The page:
border crisis
border crisis

On Day 52, Biden’s White House Described the Border Crisis as “Hope” and “Pent Up Demand.”

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As Biden enjoyed another family weekend getaway to Delaware, FEMA was deployed to the southern border to manage an unfettered immigration crisis.

As President Joe Biden enjoyed his third “less confining, more relaxing weekend hangout” in Delaware since taking office, his DHS Secretary Alejandro Mayorkas deployed FEMA to the southern border for 90 days to help manage the critical numbers of unaccompanied minors entering the country and landing in crude border detention facilities for time periods beyond the legal limit.

CNN reported Saturday that children held in a detention facility in Donna, Texas, lacked showers, phone calls to family, and sunlight. 

“Donna is quickly becoming a humanitarian crisis,” a spokesperson from the National Center for Youth Law told CNN. “We understand the administration inherited this disaster, but I cannot stress enough how urgent the situation is with the growing number of young unaccompanied children. We spoke to numerous distraught children who don’t understand why they can’t talk to their parents, see their siblings at Donna, or get some fresh air.”

The influx on Biden’s watch has been critical: In 2020, CBP data records 33,239 enforcement encounters with unaccompanied minors for the entire fiscal year, while there have already been 29,729 encounters in FY 2021. The Biden White House has claimed that the perilous situation is a consequence of the past administration’s “cruelty,” but they’re also scrambling to correct the notion that the U.S. border is “open” after Biden campaigned on welcoming immigrants into our communities, ending prolonged detention, and more.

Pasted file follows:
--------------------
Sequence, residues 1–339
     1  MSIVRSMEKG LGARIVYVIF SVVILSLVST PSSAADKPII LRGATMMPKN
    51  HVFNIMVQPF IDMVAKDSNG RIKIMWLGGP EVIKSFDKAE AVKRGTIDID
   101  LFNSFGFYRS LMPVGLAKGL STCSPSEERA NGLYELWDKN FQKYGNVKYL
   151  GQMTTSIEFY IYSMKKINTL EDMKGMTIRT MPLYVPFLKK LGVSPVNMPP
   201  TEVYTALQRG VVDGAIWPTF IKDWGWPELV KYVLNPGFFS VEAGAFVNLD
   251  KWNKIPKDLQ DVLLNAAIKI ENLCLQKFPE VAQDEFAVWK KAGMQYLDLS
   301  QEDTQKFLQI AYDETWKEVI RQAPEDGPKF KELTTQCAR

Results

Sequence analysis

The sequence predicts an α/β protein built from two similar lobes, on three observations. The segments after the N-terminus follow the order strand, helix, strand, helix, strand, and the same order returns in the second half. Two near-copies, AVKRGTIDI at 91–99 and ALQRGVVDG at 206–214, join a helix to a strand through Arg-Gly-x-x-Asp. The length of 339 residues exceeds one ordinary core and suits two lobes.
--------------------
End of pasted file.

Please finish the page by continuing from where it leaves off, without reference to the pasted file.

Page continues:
NPR reported Thursday:

Without additional shelter space in the government network, immigrant minors will be forced to spend more time in the crude Border Patrol holding cells that were built for adults. Detainees sleep on the floor under thin, silvery blankets, receive rudimentary meals and complain it’s so cold in the cells that they’re nicknamed hieleras, or freezers. These are the same holding cells that were branded as “kennels” during a surge of Central American families in the Trump years.

Blame it on our good intentions, the White House says.

“Surges tend to respond to hope, and there was a significant hope for a more humane policy after four years of, you know, pent-up demand,” Ambassador Roberta Jacobson said in the briefing room Wednesday. “I certainly think that the idea that a more humane policy would be in place may have driven people to make that decision.”


Staff Writer

The National Pulse is a part of the American Principles Project.